Seeing their children compete in the Olympics is its own adventure. The Brandts are staying in a condo near the hockey arena and get together with other parents of American players before the games. With two daughters playing, they haven’t had time to see any other events, and most of their meals have come from arena concession stands.
They also have been inundated with interview requests from international media charmed by their story. Marissa Brandt, born in South Korea, was adopted as an infant and did not return to the country of her birth until she was invited to play for its national women’s hockey team. Greg and Robin Brandt have seen their shy daughter become a celebrity in Pyeongchang, recognized everywhere she goes and surrounded by autograph seekers.
“Hannah was always the more famous one, but now, she’s being asked if she’s the sister of Marissa Brandt,” Robin said. “To see your daughter have that kind of experience, it’s indescribable.”
Parents of Olympians don’t get to see much of their children during the Games. At best, they get to share a few minutes after competitions, before the athletes go back to the Olympic Village. They do meet the families of other Olympians, though, becoming part of an exclusive club just as the athletes do.
“We’ve met the parents of [skier] Julia Mancuso and [hockey player] Jamie Langenbrunner,” Tom Shuster said. “We’re all just regular people whose kids are famous.”
Sometimes, magical moments materialize in unexpected ways. When John Shuster won an Olympic bronze medal in 2006, the Shusters were escorted to the front of the stage at the medal plaza in Turin, Italy, and marveled at a sky full of fireworks that Tom Shuster said “felt like they were just for us.” At the Opening Ceremony in Pyeongchang, John Shuster sneaked out of the athletes’ seats and found his family on the concourse for a few quick photos.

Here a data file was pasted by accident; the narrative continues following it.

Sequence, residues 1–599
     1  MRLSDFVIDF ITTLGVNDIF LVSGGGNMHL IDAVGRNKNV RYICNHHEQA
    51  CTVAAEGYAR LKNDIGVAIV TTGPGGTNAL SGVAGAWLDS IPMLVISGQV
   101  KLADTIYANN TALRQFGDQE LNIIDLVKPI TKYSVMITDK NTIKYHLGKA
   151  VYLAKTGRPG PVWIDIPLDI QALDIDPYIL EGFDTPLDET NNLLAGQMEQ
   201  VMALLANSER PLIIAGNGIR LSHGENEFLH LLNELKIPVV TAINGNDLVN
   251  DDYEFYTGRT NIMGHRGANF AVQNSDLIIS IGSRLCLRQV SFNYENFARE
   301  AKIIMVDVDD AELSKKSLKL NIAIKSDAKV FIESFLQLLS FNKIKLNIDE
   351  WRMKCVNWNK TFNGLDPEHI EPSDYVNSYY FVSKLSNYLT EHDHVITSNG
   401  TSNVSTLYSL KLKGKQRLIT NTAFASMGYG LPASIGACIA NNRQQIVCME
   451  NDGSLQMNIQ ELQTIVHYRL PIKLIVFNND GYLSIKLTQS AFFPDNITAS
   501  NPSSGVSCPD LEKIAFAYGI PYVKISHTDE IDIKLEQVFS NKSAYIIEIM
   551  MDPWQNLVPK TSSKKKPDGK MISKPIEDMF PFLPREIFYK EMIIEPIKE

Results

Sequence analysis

Being an Olympic parent can be stressful, too. Carl Nordgren said it is “agonizing to watch” when Leif is not having a good day on the shooting range, and Tom Shuster called it “nerve-racking” to sit in the stands as John throws the last rocks in a tense game.
Tom and Christine George are experiencing all those emotions from long distance. They were not able to make it to Korea and are watching Tyler’s curling matches on TV, with their friends at the Duluth Curling Club. Some of the members have known Tyler since he was an infant, when his parents — who managed the club’s food concessions — laid him down for naps in a big roasting pan on the kitchen counter while they worked.
Watching on TV is actually easier for Christine, who gets so anxious during games that she can’t bear to look. Tom, a state champion curler who coached Tyler in several sports, finds himself scrutinizing every shot.
“I have to say, I’m not watching it like a regular parent,” he said. “I’m watching it with a critical eye. My wife is far more emotional.”
Yet Tom George is hardly dispassionate. When Team Shuster won the Olympic trials in November, he rushed onto the ice and enveloped Tyler in a tearful bear hug, overcome by the realization that his son had finally become an Olympian at age 35 after eight years of trying.
That boundless love, support and encouragement, Tyler George said, is perhaps the greatest gift that Olympians receive from their parents — and there is no better way to pay it back than making it to the Games.
“We all bawled like babies, and my father doesn’t do that very often,” George said. “Getting to hug my dad after that game, that’s something I’ll never forget. Sharing it with them is the best part of the whole thing.”